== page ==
Optimization of hydraulic fracture geometry in gas condensate reservoirs

Hojjat Mahdiyar, Mahmoud Jamiolahmady

    Research output: Contribution to journalArticle

    18 Citations (Scopus)

    Abstract

    An optimized design for hydraulic fracturing is of great importance especially with the growing demand for this method as a means of production enhancement from unconventional gas reservoirs. The first Optimum Fracture Design (OFD) approach, which maximizes well productivity for a given fracture volume, was introduced by Prats in 1960 for single-phase Darcy flow systems. This was then further developed and presented in the form of Unified Fractured Design (UFD) charts by Valko et al. (1998), which is applicable to Pseudo-steady state conditions. Later on, some methodologies have been proposed to make UFD applicable to gas condensate systems assuming the distribution of the condensate phase around the fracture as a rectangular damage zone with constant thickness and reduced permeability. These latter methods are generally oversimplified as they neglect different possible shapes of the two phase region around the fracture and the variation of relative permeability with interfacial tension (IFT) and velocity for these low IFT systems. They also require data that are not readily available, in particular the pressure profile (required to identify the two-phase boundary) around the wellbore.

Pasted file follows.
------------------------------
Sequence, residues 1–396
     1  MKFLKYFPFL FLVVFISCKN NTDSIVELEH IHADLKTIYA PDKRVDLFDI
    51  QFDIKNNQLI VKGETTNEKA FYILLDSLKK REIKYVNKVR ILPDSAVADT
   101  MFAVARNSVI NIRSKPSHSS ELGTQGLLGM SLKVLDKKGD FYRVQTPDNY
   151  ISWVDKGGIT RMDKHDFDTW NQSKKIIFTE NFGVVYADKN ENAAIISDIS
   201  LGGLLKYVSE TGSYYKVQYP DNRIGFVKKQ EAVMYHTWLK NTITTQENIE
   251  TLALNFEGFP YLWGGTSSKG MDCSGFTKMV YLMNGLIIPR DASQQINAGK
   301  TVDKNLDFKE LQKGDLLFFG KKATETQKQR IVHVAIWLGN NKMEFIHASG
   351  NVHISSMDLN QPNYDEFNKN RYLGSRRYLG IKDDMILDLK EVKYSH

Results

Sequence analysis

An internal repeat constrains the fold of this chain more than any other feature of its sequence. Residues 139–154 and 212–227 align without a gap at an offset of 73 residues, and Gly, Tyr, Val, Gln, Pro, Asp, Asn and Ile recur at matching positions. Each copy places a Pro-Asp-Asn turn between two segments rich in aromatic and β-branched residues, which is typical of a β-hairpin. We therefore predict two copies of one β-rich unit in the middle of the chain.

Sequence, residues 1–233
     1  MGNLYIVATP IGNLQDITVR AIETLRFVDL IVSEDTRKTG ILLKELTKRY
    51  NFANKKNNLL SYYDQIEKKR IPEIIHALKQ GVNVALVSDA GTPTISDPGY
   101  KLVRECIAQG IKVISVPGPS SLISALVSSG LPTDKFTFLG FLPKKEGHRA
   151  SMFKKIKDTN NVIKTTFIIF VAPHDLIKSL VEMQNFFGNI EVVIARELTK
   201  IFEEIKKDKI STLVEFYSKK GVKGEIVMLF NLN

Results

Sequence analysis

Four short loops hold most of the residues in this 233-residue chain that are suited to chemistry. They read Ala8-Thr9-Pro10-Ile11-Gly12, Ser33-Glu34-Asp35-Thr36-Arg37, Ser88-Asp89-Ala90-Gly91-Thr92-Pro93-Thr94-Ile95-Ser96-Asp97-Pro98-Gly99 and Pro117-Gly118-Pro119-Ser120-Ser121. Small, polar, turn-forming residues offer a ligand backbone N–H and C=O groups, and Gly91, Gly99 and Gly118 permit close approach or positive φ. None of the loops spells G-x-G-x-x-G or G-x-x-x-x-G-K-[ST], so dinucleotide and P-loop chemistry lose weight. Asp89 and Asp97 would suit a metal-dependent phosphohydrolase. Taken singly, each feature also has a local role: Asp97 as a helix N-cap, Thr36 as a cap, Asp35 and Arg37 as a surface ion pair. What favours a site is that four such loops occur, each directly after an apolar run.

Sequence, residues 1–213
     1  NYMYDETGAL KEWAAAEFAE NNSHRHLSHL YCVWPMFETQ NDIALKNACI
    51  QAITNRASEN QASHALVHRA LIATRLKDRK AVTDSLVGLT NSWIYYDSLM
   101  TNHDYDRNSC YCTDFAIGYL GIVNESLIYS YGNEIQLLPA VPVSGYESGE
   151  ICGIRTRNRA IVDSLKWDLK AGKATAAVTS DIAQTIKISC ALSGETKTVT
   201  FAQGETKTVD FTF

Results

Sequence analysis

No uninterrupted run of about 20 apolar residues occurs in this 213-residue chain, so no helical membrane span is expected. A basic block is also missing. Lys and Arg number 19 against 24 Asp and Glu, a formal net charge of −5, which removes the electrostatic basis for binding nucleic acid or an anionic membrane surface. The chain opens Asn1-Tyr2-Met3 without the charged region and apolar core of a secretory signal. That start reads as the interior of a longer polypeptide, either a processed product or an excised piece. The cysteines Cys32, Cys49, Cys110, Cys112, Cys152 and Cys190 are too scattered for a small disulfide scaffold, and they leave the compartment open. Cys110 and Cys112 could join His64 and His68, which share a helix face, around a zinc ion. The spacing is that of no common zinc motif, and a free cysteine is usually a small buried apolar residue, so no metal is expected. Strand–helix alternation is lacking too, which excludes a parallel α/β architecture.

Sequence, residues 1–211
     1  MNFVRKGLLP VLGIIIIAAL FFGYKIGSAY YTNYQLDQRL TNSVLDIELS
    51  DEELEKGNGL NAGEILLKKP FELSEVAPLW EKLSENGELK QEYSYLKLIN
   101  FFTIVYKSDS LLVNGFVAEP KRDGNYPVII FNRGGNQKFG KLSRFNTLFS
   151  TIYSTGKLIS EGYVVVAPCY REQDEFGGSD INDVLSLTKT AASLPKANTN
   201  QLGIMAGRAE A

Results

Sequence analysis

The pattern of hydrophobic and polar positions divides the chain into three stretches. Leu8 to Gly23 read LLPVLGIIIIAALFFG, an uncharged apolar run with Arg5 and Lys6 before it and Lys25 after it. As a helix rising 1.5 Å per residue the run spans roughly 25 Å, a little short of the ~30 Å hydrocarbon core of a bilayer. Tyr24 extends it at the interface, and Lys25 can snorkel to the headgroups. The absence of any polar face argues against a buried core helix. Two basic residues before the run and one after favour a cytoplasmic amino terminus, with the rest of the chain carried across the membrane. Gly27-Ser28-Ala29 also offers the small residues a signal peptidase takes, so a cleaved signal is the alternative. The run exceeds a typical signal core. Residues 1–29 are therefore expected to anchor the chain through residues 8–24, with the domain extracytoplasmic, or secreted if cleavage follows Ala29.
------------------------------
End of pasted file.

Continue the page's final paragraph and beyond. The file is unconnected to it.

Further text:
In this paper, we introduce an explicit formulation and a more general methodology for OFD that is applicable to both Steady state and Pseudo-steady state single-phase gas and two-phase gas condensate flow systems and includes the important flow parameters in both the matrix and fracture. The optimum fracture dimensions are obtained by maximizing the effective wellbore radius, using the recently developed correlation by Mahdiyar et al. (2011). This formulation accounts for the mechanical and flow skins based on quite readily available information at wellbore conditions.

    The integrity of the introduced formulation has been verified for many different prevailing conditions, whilst highlighting the errors of using conventional approaches with some important practical guidelines. In this exercise, the maximum productivity calculated using the proposed formulation is compared with results of the literature or our in-house simulator. This program, using a fine grid approach, simulates gas condensate flow around a hydraulically fractured well for various fracture length–width ratios and identifies the optimum fracture dimensions, for a given fracture volume, providing maximum mass flow rate.
    Original languageEnglish
    Pages (from-to)27-37
    Number of pages11
    JournalFuel
    Volume119
    DOIs
    Publication statusPublished - Mar 2014

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